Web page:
I was gifted with some wonderful books for my reference library at Christmas, among them the book The Element Encyclopedia of Secret Signs and Symbols by Adele Nozedar. As I explored the book, it inspired me to start a new series, “Did you know?” as a way of sharing some of the fascinating tidbits that I find on my book shelves.
Most of us are familiar with the word ABRACADABRA. I remember this word from childhood, the first “magickal” word I knew… even today, we expect – perhaps with some amusement – magic to happen when we say the word. Little did I know that it is a real word and actually has some power. It was used as a charm, to ward off illness and evil spirits.
From Wikipedia, comes this information:
“The first known mention of the word ABRACADABRA was in the 2nd century AD in a poem called De Medicina Praecepta by Serenus Sammonicus, physician to the Roman emperor Caracalla, who prescribed that the sufferer from the disease wear an amulet containing the word written in the form of a triangle.
This, he explained, diminishes the hold over the patient of the spirit of the disease. Other Roman emperors, including Geta and Alexander Severus, were followers of the medical teachings of Serenus Sammonicus and are likely to have used the incantation as well.
It was assumed by some that the term might be of Semitic origin.
According to the 1911 Encyclopædia Britannica it was used as a magical formula by the Gnostics of the sect of Basilides in invoking the aid of beneficent spirits against disease and misfortune. It is found on Abraxas stones which were worn as amulets. Subsequently its use spread beyond the Gnostics, and in modern times it is applied contemptuously (e.g. by the early opponents of the evolution theory) to a conception or hypothesis which purports to be a simple solution of apparently insoluble phenomena.
The word is now commonly used as an incantation by stage magicians and their imitators.
From The Christian Churches of God comes this useful tidbit:
When we hear the word Abracadabra, what do we conjure up? This is a name used by magicians and illusionists to make objects or animals and people: appear, disappear or change shape and colour. “Presto Changeo” sleight of hand.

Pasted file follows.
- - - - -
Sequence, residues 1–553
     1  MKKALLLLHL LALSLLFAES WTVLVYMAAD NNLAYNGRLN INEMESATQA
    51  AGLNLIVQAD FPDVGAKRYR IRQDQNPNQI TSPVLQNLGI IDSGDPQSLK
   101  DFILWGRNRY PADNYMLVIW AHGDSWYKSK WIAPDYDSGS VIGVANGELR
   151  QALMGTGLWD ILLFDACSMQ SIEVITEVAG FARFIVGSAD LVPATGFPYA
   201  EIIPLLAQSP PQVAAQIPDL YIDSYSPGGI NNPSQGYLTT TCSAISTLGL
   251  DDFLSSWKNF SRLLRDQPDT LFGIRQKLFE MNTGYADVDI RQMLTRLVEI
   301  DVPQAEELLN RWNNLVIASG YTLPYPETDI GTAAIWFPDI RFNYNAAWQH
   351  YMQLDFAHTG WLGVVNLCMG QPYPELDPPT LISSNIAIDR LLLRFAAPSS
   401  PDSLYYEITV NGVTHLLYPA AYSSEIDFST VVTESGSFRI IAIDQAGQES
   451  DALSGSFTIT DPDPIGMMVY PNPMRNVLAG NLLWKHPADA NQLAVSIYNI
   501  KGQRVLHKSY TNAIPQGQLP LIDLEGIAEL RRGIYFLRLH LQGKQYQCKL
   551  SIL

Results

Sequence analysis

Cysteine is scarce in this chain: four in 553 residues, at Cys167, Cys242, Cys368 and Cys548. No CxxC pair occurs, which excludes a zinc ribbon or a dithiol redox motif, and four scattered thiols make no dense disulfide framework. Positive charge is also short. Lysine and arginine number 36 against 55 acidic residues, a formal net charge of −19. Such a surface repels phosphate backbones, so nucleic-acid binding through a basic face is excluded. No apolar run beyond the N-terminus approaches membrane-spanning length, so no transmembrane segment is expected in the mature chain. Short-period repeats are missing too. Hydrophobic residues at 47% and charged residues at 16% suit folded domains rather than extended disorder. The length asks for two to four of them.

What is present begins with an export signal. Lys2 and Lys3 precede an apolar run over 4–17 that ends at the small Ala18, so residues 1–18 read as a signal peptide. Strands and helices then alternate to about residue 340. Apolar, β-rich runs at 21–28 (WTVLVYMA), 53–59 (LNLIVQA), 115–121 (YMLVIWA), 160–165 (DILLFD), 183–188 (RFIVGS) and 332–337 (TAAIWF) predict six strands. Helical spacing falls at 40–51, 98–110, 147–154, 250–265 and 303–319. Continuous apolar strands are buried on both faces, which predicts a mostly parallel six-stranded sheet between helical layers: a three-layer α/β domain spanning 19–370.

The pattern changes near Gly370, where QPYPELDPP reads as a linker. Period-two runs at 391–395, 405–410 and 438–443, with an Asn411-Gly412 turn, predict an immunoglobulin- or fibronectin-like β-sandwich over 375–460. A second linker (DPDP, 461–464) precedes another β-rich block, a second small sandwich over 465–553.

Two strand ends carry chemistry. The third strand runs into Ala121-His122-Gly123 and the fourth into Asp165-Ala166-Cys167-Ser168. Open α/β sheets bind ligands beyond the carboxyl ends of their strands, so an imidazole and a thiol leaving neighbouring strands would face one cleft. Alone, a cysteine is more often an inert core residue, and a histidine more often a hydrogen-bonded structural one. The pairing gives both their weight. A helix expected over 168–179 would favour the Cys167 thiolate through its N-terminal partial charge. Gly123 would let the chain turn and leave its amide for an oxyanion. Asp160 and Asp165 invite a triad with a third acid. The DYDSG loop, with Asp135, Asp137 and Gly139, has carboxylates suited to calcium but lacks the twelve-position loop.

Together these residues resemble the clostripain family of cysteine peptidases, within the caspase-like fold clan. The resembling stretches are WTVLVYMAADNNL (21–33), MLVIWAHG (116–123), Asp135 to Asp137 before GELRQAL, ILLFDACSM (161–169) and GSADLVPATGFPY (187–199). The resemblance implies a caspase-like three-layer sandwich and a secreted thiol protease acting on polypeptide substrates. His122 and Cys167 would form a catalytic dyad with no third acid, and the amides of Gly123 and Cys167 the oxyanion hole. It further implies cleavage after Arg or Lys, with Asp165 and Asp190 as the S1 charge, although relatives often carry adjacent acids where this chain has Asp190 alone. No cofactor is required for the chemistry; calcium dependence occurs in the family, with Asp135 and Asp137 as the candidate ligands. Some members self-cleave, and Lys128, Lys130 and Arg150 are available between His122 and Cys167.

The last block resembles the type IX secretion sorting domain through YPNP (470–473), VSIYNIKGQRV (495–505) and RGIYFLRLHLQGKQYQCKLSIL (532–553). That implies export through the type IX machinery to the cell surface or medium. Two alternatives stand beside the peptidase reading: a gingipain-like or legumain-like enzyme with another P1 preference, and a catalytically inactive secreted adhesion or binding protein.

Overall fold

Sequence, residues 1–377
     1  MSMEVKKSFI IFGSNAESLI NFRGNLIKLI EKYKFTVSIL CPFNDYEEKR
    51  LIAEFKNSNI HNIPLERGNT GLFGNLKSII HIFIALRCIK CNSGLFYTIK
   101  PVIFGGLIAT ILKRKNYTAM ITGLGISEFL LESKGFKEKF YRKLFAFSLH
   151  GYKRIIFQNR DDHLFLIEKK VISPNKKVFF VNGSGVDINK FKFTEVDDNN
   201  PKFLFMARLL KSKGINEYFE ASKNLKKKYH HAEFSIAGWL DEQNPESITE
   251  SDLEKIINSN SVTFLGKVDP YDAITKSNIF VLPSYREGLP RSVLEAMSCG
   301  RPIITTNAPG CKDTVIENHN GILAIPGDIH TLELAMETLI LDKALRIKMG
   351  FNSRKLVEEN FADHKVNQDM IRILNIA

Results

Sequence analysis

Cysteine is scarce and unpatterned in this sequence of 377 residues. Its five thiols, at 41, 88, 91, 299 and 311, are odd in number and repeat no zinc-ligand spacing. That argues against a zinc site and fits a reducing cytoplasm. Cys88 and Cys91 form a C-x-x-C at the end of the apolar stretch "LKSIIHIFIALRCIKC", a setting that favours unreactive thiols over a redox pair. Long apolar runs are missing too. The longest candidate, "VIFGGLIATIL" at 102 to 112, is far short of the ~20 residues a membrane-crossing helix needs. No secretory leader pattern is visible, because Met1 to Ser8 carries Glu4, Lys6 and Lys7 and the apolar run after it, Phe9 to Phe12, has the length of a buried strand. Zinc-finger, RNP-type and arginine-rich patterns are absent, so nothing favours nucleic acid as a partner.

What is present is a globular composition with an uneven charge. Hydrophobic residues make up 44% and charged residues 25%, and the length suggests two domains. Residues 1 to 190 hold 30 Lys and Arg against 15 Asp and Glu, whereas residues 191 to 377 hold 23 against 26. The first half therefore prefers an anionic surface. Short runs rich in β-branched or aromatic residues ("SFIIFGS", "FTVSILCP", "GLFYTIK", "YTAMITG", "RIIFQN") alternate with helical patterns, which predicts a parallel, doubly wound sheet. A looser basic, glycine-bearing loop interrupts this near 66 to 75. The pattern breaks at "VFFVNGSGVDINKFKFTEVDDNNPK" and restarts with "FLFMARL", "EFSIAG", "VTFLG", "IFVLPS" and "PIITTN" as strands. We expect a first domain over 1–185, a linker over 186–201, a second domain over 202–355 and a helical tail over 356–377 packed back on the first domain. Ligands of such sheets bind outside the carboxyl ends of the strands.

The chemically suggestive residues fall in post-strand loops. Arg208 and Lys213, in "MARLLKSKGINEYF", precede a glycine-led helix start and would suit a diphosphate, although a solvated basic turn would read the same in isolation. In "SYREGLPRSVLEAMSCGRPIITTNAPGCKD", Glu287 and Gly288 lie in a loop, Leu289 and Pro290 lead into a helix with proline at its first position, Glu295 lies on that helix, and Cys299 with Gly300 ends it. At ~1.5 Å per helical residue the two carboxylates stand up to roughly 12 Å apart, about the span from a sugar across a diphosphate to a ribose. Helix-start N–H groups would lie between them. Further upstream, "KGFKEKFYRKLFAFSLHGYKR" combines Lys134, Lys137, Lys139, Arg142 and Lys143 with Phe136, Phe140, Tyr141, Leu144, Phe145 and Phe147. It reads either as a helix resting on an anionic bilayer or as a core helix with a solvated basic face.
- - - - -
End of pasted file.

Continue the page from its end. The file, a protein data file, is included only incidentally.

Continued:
It is, however, a word of Kabbalistic (Cabbalistic) significance that was, and still may be, used for incantations. It was declared that when written as shown, folded so as to conceal the writing, sewn with white thread and worn around the neck, your ailments would subside. Sometimes you were required to remove letters and this would further cause the illness to diminish.
Abracadabra: This word was in frequent use during the Middle Ages as a magic formula. It is derived from the Hebrew phrase abreq ad habra, meaning “hurl your thunderbolt even unto death”.
The earliest written record available of the word is in a second century poem Praecepta de Medicina by Serenus Sammonicus a celebrated Gnostic physician. He gave instructions for using the letters of this magical triangle which he used for curing agues and fevers. It was to be written on paper, folded into the shape of a cross, worn for nine days suspended from the neck and, before sunrise, cast behind the patient into a stream running eastward.
It was also a most popular charm in the Middle Ages. During the Great Plague of 1665, great numbers of these amulets were worn as supposed safeguards against infection. It is one of the most famous of all talismans, and was used as a magical formula by the Gnostics in Rome for invoking the aid of beneficent spirits against disease, misfortune and death.
From the book The Element Encyclopedia of Secret Signs and Symbols comes this information:
This ancient word may well have been inspired by the Aramaic “Avra Kedabra” – “I create as I speak” – or words to that effect. However, there are other theories about the origins of this word. In no particular order, then:
It was derived from the name of Abraxas
It was derived from the Hebrew phrase “Abreq Ad Habra” meaning “Hurl your thunderbolt unto death” or “Strike dead with thy lightning” in this case, its efficacy as a charm to ward away illness would make sense).
It could be from the Aramaic “Abhadda Kedabhra,” meaning “Disappear as this word,” which accurately reflect what happens in the charm (because as the word diminishes and finally disappears, wo would any malevolent energy).
The first letters of the word could be derived from the initials of Hebrew words for Father (Ab), Son (Ben), and Holy Spirit (Ruach Acadsch).
Chances are that this is such a powerful symbol because all of these theories make sense, so it would have universal appeal.
Although most accounts say that the charm was in use until the Middle Ages, there’s curious proof of its efficacy in a small thirteenth-century church in a remote valley in Wales in the UK. St Michael and All Angels Church at Cascob on the edge of Radnor Forest has an Abacadabra charm engraved on a tablet in one of its walls. In the 17th century a local girl, Elizabeth Loyd, was apparently possessed of evil demons, and this symbol was used to drive them away along with the astrological symbols that are carved below it.
Inspired by the book The Element Encyclopedia of Secret Signs and Symbols by Adele Nozedar